We are a couple of years away, at the time of Don’t Bother to Knock, from Monroe’s famous disappearing act, when she dropped off the face of the earth, and wasn’t heard from for a month or so until she re-emerged in New York, having moved there to study with Lee Strasberg, and to develop her own projects. She formed a production company. She wanted to do The Brothers Karamazov. It was a hugely rebellious act, and was treated with disdain by the powers-that-be, but it was her way of saying, “I do not like the movies I am being put in. I am taking control of my career.” A reporter asked her at the press conference she held to announce her plans: “Do you know how to spell Dostoevsky, Marilyn?”

The guts that woman had. To tolerate such condescension. Monroe laughed at the question, however, and said, “Have you read the book? There’s a wonderful part in it for me, a real seductress.”

She was right, not only in her belief that there was a part for her in any version of Brothers Karamazov that would come to the screen (Grushenka), but also in how she handled the snotty remark from the reporter, who probably hadn’t even read the book, or if he had, he certainly didn’t remember it clearly.

Don’t Bother to Knock, although a big flop at the time, and not well-remembered at all, is evidence of the many shades of Marilyn Monroe; it is a nuanced terrifying performance, and her crack-up at the end is excruciating to watch. She walks across the hotel lobby, and her arms look stiff and un-usable, she is vaguely unsteady on her feet, as though she is learning to walk for the first time, her face is wet with tears, and she blinks up at the lights of the lobby, alarmed, squinting at the glare. She goes down the steps, one step, two step, her body slack and yet also rigid, she cannot move easily. Her psychic pain emanates not just from her face, but her entire body. Her physicality is eloquent. It tells the whole story.

The character is in pieces. Her psyche has fragmented, parts of herself trailing behind her as she crosses the lobby. Her sorrow and fear is in her pinky finger, her waist, her calves, her posture … It surges through her and makes it difficult to even walk.

You know who plays a scene that well and with that much specificity as well as abandon?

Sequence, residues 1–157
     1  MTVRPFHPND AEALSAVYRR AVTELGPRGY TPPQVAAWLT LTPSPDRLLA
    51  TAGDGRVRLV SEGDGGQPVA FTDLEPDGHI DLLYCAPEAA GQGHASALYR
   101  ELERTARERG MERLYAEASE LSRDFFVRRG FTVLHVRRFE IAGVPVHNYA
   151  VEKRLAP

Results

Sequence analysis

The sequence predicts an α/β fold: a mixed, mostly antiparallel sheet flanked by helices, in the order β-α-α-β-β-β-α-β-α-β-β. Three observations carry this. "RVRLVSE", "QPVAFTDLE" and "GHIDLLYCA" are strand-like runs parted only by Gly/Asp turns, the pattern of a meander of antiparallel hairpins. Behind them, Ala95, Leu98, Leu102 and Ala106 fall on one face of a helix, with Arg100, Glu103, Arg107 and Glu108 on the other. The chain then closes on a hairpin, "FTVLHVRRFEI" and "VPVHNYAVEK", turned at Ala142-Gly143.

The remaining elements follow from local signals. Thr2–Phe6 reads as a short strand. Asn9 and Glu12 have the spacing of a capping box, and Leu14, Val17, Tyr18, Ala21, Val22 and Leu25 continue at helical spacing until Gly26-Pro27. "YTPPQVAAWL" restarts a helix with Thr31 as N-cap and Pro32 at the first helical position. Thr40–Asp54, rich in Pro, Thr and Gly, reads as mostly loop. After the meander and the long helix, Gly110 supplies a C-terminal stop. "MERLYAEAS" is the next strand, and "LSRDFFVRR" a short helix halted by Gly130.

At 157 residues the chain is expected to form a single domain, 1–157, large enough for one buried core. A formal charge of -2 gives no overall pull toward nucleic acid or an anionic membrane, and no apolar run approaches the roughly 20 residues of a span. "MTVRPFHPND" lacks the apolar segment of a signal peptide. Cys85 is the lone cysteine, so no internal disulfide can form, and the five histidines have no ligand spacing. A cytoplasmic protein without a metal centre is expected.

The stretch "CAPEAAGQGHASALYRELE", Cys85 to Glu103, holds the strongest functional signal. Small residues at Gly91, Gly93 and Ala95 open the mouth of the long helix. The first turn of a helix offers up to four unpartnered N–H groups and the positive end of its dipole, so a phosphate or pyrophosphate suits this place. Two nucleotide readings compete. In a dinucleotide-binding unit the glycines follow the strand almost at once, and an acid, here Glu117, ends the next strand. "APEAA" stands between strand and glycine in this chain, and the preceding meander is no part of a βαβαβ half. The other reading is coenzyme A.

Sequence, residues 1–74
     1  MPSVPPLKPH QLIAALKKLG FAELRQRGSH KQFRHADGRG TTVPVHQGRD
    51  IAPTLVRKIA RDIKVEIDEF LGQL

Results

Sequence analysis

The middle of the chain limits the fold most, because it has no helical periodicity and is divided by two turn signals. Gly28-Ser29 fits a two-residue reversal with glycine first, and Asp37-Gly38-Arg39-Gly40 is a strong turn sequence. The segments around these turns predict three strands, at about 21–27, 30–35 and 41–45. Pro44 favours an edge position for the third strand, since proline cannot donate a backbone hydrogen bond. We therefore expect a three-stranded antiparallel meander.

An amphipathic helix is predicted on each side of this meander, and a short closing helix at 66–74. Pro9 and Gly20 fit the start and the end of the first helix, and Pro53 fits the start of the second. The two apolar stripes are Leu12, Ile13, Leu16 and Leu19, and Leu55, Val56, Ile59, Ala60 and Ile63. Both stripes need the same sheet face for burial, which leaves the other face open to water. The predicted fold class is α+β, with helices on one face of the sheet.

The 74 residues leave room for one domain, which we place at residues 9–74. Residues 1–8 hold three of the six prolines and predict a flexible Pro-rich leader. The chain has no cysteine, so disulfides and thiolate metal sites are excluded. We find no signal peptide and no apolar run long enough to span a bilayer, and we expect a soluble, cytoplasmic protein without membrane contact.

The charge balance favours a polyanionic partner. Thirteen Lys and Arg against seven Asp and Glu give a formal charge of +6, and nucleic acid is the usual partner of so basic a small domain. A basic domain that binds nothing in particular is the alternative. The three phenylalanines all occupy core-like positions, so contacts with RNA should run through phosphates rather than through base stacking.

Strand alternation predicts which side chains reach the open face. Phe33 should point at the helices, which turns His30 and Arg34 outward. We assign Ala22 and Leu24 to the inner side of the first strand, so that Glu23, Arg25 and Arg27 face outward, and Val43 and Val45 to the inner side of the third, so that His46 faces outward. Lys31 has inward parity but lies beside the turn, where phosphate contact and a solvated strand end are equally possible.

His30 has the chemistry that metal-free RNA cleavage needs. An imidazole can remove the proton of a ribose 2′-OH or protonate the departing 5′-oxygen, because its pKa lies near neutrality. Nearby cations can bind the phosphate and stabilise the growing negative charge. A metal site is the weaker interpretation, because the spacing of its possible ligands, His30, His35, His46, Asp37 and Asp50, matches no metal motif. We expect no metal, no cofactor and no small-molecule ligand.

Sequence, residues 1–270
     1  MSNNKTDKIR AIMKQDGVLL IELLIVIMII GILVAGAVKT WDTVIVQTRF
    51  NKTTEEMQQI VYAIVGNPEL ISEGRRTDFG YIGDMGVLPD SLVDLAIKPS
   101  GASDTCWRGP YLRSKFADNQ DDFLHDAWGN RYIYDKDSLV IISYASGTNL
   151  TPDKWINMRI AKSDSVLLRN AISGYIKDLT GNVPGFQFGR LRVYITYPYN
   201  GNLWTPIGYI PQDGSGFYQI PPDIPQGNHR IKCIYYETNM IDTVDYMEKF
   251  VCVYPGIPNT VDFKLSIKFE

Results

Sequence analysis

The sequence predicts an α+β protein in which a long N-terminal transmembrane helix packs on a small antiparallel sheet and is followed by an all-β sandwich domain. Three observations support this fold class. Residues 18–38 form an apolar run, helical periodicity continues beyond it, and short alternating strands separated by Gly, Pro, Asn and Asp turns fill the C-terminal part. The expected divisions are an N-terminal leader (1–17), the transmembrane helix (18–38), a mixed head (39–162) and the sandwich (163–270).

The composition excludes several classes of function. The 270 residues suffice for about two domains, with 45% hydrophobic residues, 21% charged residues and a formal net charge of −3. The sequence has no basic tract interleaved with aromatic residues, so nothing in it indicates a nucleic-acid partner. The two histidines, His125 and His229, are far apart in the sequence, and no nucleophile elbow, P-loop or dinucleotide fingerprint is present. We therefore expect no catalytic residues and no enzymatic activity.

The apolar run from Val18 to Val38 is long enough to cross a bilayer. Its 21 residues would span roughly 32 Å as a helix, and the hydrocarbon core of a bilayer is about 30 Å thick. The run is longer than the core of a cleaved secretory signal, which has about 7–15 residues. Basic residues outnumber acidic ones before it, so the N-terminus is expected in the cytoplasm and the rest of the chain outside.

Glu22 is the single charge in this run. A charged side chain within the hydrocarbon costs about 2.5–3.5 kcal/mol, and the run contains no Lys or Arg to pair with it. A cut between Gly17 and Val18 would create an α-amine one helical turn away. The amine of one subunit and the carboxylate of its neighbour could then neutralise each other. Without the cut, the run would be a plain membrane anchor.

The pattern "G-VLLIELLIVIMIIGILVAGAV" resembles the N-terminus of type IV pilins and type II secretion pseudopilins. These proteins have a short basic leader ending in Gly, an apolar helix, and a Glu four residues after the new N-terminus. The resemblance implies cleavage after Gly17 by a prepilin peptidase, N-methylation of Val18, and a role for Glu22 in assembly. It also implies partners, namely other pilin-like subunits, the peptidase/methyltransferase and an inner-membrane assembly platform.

A real actress does, that’s who.

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4 Responses to Tonight on TCM, 8 p.m. EST: Don’t Bother to Knock

  1. Jamie Leigh says:

    Loved this breakdown. Saw it for the first time tonight. Eerily accurate? I thought so. Thank you for the words!

  2. I read Kim Morgan’s piece on this a while ago, and when it showed up on a double bill in Seattle’s Noir City, I knew I had to see it. You really nail the sense of danger in this film. It is very tense, especially when Nell goes off the rails and the audience knows it, but doesn’t know how far she’ll go.

    I jumped out of my seat when she (spoiler?) did what she did with the cigarette stand. In addition to Monroe’s, Widmark’s, Bancroft’s, and Cook’s performances, this is a really tight and juicy noir that should be up there with the exemplars of the genre, IMHO.

  3. milt says:


    My wife and I have seen Don’t Bother to Knock several times, and each time when the movie finishes we are so angry, because this is what Marilyn Monroe could have been. It’s a disgrace that Hollywood didn’t give her a chance to grow, but instead exploited her to the point where she couldn’t take it anymore.

    Another matter: I recently took out from the Seattle library a boxed set titled 3 Silent Classics by Josef von Sternberg. The three movies are the only ones left from the ones he made in Hollywood in the late Twenties. They include Underworld, considered the first gangster film, The Docks of New York, an offbeat romance/melodrama which reminds you of both Brecht and O’Neil, and The Last Command, an absolute masterpiece.

    All three have stunning visuals, including radiant close-ups that he used later to create Marlene Dietrich. We were bowled over by The Last Command, for which Emil Jannings got the first Academy Award for best actor. He plays a former top general in the czar’s army during the Russian Revolution, who has become a broken man who takes low-paying jobs in Hollywood as an extra. Jannings is magnificent–he is commanding, mesmerizing and deeply moving. William Powell is in the movie, too, as director of a movie about the Russian army. There are many great close-ups and a number of energetic crowd scenes. The final scene takes place on a Hollywood sound set and pokes fun of how films are made.

    Von Sternberg was a tyrant, and very few actors wanted to work with him again. (After he made The Last Command, William Powell had written into his contract that he would never again be directed by von Sternberg, and Joel McCrea walked off the set of The Scarlet Empress after his first meeting with the director.) But he was a great film-maker. If you haven’t seen The Last Command, I enthusiastically recommend it. I’ve also requested von Sternberg’s autobiography, written in 1965 and
    titled Fun In a Chinese Laundry. It’s supposed to be very good in describing how films are made, and lays out his creative philosophy. (I found out a lot of this from the thick booklet that came with the DVDs.)


  4. sheila says:

    Milt – I have not seen The Last Command and now you have made me so curious to see it! Thank you for the tip!!